Daily Brief - Monday 12th October, 2020


Trump extends trade pact to aid local manufacturers

A trade agreement which allows for goods produced in TT and other Caricom countries to have duty-free access to the US market has been extended for another 10 years by US President Donald Trump. A release from the Ministry of Trade and Industry on Sunday said the extension of the Caribbean Basin Economic Recovery Act (CBERA) was signed off by Trump on October 10. Read more here

Guyanese man sues CAL for negligence following drug arrest

A Guyanese man who claims he was “unwittingly turned into a drug mule” when his suitcase was allegedly tampered with during a Caribbean Airlines (CAL) flight to the US, has sued CAL for alleged negligence. The story was carried in the October 10 edition of the New York Post. It involved an October 2018 incident concerning Guyanese-born Simeon Wilson who lives in Queens, New York. Read more here



Duke knocks PM over criticism of absent public servants

President of the Public Services Association (PSA) Watson Duke has described the Prime Minister's criticism of public servants as careless, irresponsible and ill-informed. Duke on a Facebook message on Sunday morning responded to Dr Rowley’s comments that public servants were abusing the covid19 measures that allowed work on a rotational basis and were ducking work. Read more here

Deyalsingh to study WHO’s call to end lockdowns

Health Minister Terrence Deyalsingh says he has to study statements by the World Health Organisation’s (WHO’s) Dr David Nabarro who has urged world leaders to stop “lockdowns” continuing as the primary means of controlling the COVID-19 virus. Since February Nabarro’s worked for the WHO’s Director-General assisting in dealing with the pandemic. The WHO advocated lockdowns when the pandemic began. Read more here



Government’s balancing act for 2021

Trinidad and Tobago (T&T) is currently in the throes of a major macroeconomic shock amid subdued energy markets as well as the debilitating effects of the global pandemic. Read more here



Virus Causing COVID-19 Can Stay On Some Surfaces For 28 Days Says Study

The coronavirus responsible for COVID-19 can remain infectious on surfaces such as banknotes, phone screens and stainless steel for 28 days, the BBC has quoted researchers. The findings are from Australia's national science agency and they suggest SARS-Cov-2, the coronavirus which causes COVID-19, can survive for far longer than thought. Read more here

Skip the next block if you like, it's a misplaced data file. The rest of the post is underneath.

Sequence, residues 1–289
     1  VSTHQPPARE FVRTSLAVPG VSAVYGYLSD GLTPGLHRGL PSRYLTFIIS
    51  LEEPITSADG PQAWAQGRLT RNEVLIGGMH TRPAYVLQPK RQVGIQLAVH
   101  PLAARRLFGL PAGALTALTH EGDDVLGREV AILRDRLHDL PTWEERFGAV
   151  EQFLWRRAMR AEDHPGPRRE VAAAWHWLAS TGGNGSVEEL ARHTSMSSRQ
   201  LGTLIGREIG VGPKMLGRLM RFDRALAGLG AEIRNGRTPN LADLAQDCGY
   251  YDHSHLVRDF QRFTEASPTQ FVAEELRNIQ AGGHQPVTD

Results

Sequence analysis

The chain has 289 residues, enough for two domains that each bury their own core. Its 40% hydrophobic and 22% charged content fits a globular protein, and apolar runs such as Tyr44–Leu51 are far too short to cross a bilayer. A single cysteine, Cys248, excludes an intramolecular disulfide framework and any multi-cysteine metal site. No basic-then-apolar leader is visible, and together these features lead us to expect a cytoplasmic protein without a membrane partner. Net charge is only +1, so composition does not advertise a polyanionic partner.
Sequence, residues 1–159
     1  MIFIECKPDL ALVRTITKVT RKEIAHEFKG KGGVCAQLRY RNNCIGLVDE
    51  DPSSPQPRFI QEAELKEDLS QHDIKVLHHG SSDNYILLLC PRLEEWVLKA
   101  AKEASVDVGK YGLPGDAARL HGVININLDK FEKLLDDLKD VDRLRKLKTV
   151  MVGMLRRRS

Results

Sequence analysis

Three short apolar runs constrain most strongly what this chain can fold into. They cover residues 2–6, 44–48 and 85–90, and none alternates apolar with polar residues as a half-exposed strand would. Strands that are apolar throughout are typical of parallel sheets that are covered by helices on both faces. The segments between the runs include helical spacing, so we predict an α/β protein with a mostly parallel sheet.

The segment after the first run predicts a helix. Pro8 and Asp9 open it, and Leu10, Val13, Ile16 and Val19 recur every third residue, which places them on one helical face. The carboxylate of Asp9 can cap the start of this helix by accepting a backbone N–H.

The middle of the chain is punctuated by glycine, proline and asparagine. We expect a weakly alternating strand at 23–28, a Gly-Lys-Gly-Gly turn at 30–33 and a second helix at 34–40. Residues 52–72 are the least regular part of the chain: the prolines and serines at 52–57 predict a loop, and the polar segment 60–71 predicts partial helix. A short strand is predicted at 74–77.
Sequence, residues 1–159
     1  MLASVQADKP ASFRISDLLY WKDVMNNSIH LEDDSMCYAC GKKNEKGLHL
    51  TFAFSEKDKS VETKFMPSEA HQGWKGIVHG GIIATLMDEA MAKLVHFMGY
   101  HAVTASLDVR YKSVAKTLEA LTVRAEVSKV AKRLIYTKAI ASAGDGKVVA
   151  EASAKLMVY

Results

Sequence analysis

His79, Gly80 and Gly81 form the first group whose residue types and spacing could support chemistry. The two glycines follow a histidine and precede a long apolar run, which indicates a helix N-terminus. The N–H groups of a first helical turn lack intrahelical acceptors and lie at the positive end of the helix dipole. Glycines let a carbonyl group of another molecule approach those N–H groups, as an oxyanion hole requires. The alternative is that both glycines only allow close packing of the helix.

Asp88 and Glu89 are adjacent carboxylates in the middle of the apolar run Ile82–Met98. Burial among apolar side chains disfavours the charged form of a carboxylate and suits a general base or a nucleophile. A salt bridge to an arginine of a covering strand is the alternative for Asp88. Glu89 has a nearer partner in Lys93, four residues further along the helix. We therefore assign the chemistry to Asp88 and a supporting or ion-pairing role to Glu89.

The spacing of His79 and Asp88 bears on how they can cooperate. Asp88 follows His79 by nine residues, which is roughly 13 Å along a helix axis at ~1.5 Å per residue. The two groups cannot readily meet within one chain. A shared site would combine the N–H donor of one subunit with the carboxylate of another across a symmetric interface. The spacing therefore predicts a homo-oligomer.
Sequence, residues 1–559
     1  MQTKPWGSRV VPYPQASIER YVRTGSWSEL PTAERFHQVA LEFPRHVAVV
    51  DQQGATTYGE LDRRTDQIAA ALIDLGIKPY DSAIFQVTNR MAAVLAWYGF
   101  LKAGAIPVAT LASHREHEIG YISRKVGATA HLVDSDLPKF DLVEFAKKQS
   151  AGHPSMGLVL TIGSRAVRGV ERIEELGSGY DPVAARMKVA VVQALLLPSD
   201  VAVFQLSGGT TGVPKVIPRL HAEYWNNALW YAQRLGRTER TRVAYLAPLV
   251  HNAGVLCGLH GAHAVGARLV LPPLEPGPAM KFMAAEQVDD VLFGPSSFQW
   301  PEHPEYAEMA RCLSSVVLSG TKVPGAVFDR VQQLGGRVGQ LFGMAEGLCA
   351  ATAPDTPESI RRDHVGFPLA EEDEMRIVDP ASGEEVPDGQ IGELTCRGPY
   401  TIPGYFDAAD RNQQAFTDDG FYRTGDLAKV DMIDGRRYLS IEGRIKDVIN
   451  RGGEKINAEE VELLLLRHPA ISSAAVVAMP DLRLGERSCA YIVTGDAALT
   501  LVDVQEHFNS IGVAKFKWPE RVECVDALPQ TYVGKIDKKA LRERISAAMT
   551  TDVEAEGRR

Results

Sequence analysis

All set — President says airports ready, prepared to operate safely

Growing economic challenges caused by the novel coronavirus (COVID-19) has pushed local authorities to reopen its international airports to commercial travel, from today, and President, Dr. Irfaan Ali is confident they are ready and prepared to operate safely and in a way that minimises importation of COVID-19 cases. Though no flight is expected today, the country will soon see a number of commercial flights “touching down,” but there are strict guidelines which will have to be adhered to, said President Ali. Read more here



Trump takes his Covid misinformation machine back on the road

President Donald Trump takes his Covid denial tour back to the campaign trail Monday as the tense final stretch of an election now three weeks away gets a fresh jolt with Senate hearings on his Supreme Court pick Amy Coney Barrett. Trump, who announced Sunday, without providing evidence, that he has tested "totally negative" after his bout with the virus, plans to hold his first rally since his diagnosis was publicly disclosed, in Florida, in what risks turning into yet another super spreader event. Read more here

Covid-19: China's Qingdao to test nine million in five days

The Chinese city of Qingdao is testing its entire population of nine million people for Covid-19 over a period of five days. The mass testing comes after the discovery of a dozen cases linked to a hospital treating coronavirus patients arriving from abroad. In May, China tested the entire city of Wuhan - home to 11 million people and the epicentre of the global pandemic. The country has largely brought the virus under control. That is in stark contrast to other parts of the world, where there are still high case numbers and lockdown restrictions of varying severity. Read more here

12th October 2020


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